How can you stop old anxieties from resurfacing? An injection of new neurons may help, a study in mice suggests.
Post-traumatic stress disorder (PTSD), anxiety and other fear-related disorders are difficult to treat, and many people who seem to get better later relapse.
A similar phenomenon occurs in rodents. Adult mice can be conditioned to fear a sound by giving them an electric shock every time they hear it. Playing the sound repeatedly without the shock gradually wipes out the fear ? a process known as extinction training. However, the fear often returns spontaneously if the mouse hears the sound later on.
Baby mice, on the other hand, do not seem to relapse as much. Yong-Chun Yu at Fudan University in China and his colleagues wanted to know if they could treat fearful adult mice with brain cells from mouse embryos.
The transplants did not prevent the mice developing new fears, nor help them overcome existing ones ? at least not by themselves. But coupled with extinction training, the embryonic cells did help wipe out existing fears and prevent the mice relapsing.
Targeting the fear centre
First, the researchers injected live brain cells from mouse embryos into the amygdalae of adult mice ? the parts of the brain involved in fear. Other mice were implanted with dead embryonic brain cells as a comparison.
Two weeks after transplantation, the mice were conditioned to fear a sound, freezing whenever they heard it. The mice stopped being afraid after two days of extinction training. A week later, the mice were played the same sound to see if their fear would come back. The team found that the fear response was three times less likely to return in the mice that had received a transplant of live embryonic neurons.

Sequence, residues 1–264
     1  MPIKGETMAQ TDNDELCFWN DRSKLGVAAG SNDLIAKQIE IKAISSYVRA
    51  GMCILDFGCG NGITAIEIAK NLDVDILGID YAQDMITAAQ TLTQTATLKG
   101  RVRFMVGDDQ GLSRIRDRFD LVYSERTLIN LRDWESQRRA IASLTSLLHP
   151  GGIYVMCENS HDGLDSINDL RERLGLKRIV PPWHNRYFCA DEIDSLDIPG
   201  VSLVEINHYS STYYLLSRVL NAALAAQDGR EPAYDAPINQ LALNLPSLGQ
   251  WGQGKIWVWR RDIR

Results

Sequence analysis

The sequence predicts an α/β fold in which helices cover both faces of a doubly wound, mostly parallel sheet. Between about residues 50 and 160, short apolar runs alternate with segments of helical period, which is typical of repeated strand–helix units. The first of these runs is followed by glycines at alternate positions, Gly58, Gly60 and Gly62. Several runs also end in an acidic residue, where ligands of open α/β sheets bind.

In a separate experiment they tested whether embryonic brain cells could erase bad memories altogether. Mice were conditioned to fear a sound before receiving the transplant. When they heard the sound afterwards they still froze, suggesting the memory had not been removed. However, they were significantly more responsive to extinction training.
Further analyses showed that the transplant turned mature amygdalae back to a juvenile stage. How this rejuvenation process helps conquer fear is unclear, and the team don’t know yet how long the effect lasts.
The team hope to develop their findings into a treatment for PTSD and anxiety in people.
Elena Bagley at the University of Sydney, Australia, says it’s an interesting idea but there are hurdles. One is the risk that the body receiving the transplant might reject the cells, or that the implanted cells could also affect other functions.
“The amygdala is involved in many types of associative learning that are really important for decision making, so I would be concerned about the effects of promoting this juvenile-like amygdala on those other aspects,” says Bagley.
Nevertheless, Yu says, “our results are an encouraging step towards using neuron transplantation” to prevent pathological fears that don’t respond to extinction therapy, something that has never been tried before.
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